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Simple Acceleration Question

  1. May 14, 2007 #1
    1. The problem statement, all variables and given/known data
    Velocity in m/s at time t is defined as v= 20t(1+2t)^-2

    Find Acceleration at 0.5s

    2. The attempt at a solution

    I missed the day we covered this topic in class and I am under the assumption that I would find the derivative of 20t(1+2t)^-2 and then find the derivative once more to get acceleration. Once I get the second derivative its as easy as substituting 0.5 for t. Unfortunately I never get the correct answer which I was told is 9.6m/s. Is the answer wrong? I end up with 15m/s all the time.
  2. jcsd
  3. May 14, 2007 #2


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    Homework Helper

    If you are given the velocity function you only need to differentiate once to get the acceleration.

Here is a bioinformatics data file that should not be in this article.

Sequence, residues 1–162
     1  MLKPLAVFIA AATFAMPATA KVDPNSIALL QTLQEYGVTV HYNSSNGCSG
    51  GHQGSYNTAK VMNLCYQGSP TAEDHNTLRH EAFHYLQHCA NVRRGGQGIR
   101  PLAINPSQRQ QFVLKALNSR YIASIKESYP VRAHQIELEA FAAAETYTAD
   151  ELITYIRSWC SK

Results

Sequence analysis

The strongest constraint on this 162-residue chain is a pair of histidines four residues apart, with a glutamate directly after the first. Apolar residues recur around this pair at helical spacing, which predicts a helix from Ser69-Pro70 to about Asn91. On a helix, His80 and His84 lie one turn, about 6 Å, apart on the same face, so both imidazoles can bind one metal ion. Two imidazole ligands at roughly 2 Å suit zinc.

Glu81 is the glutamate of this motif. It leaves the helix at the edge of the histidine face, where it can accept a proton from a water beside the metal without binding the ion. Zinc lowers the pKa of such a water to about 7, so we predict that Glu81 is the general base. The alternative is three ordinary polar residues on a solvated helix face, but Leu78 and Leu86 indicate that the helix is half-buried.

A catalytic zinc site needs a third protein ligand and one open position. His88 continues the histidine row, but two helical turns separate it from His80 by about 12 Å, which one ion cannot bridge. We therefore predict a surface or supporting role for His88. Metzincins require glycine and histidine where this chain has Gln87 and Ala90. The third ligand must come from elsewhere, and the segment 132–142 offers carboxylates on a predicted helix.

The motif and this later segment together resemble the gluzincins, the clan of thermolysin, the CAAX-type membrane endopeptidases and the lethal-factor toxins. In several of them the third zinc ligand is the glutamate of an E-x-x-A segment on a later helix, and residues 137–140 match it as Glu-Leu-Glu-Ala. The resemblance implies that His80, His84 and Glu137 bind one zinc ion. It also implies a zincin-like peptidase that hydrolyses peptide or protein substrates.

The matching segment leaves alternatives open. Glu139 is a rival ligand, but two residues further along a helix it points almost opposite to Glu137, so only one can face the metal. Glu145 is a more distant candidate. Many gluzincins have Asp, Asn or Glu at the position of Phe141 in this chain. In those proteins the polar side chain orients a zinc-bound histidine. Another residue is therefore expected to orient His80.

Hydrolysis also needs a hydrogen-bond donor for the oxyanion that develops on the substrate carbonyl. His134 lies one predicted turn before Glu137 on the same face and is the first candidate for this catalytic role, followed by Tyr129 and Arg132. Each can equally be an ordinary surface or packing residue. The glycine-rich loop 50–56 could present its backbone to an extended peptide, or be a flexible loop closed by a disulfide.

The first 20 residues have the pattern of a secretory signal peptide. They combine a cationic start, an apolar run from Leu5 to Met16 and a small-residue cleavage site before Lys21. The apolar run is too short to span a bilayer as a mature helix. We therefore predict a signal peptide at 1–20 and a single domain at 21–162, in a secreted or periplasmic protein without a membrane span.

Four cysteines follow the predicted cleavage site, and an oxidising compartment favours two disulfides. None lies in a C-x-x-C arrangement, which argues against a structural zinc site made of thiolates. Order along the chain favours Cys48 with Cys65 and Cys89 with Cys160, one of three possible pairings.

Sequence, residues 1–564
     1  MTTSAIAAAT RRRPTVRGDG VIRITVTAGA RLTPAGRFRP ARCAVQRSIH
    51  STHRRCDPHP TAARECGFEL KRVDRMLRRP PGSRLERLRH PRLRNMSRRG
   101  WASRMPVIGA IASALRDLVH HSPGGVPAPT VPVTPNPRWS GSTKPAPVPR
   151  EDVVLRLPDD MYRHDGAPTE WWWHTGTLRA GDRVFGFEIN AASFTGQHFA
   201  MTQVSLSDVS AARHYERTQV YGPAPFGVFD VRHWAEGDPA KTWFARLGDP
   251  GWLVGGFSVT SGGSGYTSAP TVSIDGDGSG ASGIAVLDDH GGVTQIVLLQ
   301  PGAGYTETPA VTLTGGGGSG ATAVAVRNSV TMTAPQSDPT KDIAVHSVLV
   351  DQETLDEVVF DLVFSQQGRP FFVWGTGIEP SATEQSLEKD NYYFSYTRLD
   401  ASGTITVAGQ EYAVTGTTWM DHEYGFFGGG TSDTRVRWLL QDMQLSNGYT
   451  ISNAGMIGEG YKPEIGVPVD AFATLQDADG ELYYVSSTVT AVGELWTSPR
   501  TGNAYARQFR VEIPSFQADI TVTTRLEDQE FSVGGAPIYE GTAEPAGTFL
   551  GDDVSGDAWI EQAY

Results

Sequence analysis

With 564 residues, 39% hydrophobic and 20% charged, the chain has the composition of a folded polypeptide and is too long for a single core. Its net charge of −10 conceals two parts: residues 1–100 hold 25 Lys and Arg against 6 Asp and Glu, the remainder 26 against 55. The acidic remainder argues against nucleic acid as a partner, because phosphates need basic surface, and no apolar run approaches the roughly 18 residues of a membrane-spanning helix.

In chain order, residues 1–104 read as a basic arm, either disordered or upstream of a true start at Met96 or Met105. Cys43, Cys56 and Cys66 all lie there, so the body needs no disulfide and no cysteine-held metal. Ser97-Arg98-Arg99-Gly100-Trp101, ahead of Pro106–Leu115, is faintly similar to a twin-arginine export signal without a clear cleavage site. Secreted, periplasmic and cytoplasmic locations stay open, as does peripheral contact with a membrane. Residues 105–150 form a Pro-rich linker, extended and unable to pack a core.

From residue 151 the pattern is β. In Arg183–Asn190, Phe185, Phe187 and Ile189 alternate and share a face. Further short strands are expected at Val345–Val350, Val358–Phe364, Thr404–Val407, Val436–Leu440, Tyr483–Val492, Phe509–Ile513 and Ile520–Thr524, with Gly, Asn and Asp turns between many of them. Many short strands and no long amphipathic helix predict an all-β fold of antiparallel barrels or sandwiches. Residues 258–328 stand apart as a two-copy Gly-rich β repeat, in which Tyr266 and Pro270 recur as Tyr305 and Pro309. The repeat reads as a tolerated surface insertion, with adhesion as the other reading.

4. May 14, 2007 #3
    I must be doing something wrong I keep getting the wrong answers.


    s(t) = (4t^2 + 5)^3 t=1

    I do the work

    First Derivative - 24t(4t^2 + 5)^2
    Second Derivative - 384t^2(4t^2 + 5)

    My answer is 3456 m/s and the book tells me it is 5400 m/s
  5. May 14, 2007 #4


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    So is this supposed to be a new question? What happened with the first one you posted?

    Note the unit of acceleration is m/s^2.

    Your second derivative is not right. You're using the product rule, right? You're missing a term.
  6. May 14, 2007 #5
    :rofl: I feel really stupid right now. I knew something was up, turns out I was forgetting the product rule for all the questions. Thanks for clueing me into that. What a silly mistake.
  7. May 14, 2007 #6


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    You're welcome, lol. Those things happen. :smile:
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